- Creating materials in multiple languages: To support those patients with limited English proficiency, Mass General's Spanish Language Care Group and the Disparity Solution Center created material about COVID-19 testing in multiple languages so people would know what to expect
- Extending clinic hours: The clinics were open extended hours so that residents could stop by before or after work
- Setting up a RIC in convenient locations with trusted providers: The location was closer to work and home for many community members and staffed with trusted providers. Testing within the community helped decrease exposure to COVID-19 for many patients by eliminating a trip on public transit, and potentially decreasing spread to other household members and co-workers
Many patients seeking care at the clinics did not know with certainty whether they had COVID-19 and, if positive, what to do next. As in testing at the main campus, standard nasal swab tests were supplemented at the RICs with chest radiographs to help confirm severity of active infections. Portable chest radiographs allocated from the radiology department helped the clinical teams in the frontlines with triaging patients so that the health care providers could quickly decide whether patients should recover at home or whether they needed to be admitted to the hospital.
For example, one patient did not show obvious symptoms of severe disease, but chest radiograph revealed severe lung infection. The patient was admitted to the hospital, where they recovered without needing intensive care. According to Dr. Flores, if this patient had not gone to the clinic on time, they might have gotten sicker and potentially required a ventilator due to increased severity of disease.
However, by catching the illness early enough, doctors conserved hospital resources and supported the patient back to health.
"By proactively treating patients at a hot spot, we increased access to timely care and decreased severity of the disease due to delays of care, therefore, we had more resources available to the greater community," says Dr. Flores.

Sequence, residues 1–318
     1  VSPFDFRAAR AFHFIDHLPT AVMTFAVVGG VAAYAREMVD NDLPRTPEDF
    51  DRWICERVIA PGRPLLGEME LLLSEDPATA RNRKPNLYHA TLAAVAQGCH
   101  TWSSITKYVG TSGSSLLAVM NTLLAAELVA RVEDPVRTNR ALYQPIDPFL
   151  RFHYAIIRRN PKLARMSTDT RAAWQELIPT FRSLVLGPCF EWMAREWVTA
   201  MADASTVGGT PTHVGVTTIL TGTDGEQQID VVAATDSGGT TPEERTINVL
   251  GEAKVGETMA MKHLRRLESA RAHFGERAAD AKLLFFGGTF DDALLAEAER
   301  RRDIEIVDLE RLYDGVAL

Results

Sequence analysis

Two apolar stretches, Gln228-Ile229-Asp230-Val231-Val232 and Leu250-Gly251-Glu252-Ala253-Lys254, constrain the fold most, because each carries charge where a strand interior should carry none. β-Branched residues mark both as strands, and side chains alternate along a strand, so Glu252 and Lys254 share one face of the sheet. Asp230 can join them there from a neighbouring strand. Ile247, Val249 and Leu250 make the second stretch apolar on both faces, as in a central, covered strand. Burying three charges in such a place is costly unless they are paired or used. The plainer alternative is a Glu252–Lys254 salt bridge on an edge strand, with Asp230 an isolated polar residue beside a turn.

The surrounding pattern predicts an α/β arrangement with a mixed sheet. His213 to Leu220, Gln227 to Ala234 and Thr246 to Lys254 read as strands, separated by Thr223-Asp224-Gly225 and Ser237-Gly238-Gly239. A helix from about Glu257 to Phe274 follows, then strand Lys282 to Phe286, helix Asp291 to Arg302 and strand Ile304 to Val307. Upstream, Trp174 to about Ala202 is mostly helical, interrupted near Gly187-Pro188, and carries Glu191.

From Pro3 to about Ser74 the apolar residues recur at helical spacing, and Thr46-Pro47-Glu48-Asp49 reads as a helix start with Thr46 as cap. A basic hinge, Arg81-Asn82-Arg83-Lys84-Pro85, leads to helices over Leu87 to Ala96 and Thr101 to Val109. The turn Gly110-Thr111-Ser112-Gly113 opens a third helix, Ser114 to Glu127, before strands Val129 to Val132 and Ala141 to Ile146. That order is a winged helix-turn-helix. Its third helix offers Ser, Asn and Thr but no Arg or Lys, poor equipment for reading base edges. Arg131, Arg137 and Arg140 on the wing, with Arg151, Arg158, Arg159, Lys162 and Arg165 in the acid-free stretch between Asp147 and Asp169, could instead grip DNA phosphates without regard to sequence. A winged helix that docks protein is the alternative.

Many of the clinic's patients faced food insecurity, so CCHI collaborated with the MGH Chelsea HealthCare Center, the town of Chelsea and nonprofit organizations to assist families and provide them with food and care kits. For patients who did not need hospitalization, these kits helped them safely recover while being as isolated as possible. The kits included:
- Hand sanitizer
- Cleaning equipment
- Information about COVID in different languages
"These interventions show how public health is an extension of health care," says Dr. Flores.
By providing patients with essential items, the clinics served as point to assist patients and the community helped people and the limit their exposure to the community and their household members. Dr. Flores reports that the efforts paid off.
"We saw the number of patients coming to radiology decrease and the severity of disease in chest radiographs also decrease," he says.
Lessons for the Future
The RICs were a measure to extend health care deeper into communities at the peak of the pandemic. However, they revealed the need for a system that is proactive and flexible enough to respond to unexpected challenges in the communities, as well as underscored the benefits of health care systems collaborating with community health centers to provide high-quality care for all patients.
Overall, the clinics helped increase access to timely care in a trusted setting and protected vulnerable communities during a historical public health crisis.
"We are willing to do whatever it takes to provide the best care possible for all of our patients," says Dr. Flores.